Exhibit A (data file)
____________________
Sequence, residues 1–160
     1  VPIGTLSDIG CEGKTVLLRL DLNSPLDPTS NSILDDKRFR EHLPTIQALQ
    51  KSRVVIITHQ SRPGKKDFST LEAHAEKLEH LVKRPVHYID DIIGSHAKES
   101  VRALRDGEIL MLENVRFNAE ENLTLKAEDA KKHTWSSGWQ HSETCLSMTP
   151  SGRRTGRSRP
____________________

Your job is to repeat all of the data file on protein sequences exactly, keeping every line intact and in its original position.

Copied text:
Sequence, residues 1–160
     1  VPIGTLSDIG CEGKTVLLRL DLNSPLDPTS NSILDDKRFR EHLPTIQALQ
    51  KSRVVIITHQ SRPGKKDFST LEAHAEKLEH LVKRPVHYID DIIGSHAKES
   101  VRALRDGEIL MLENVRFNAE ENLTLKAEDA KKHTWSSGWQ HSETCLSMTP
   151  SGRRTGRSRP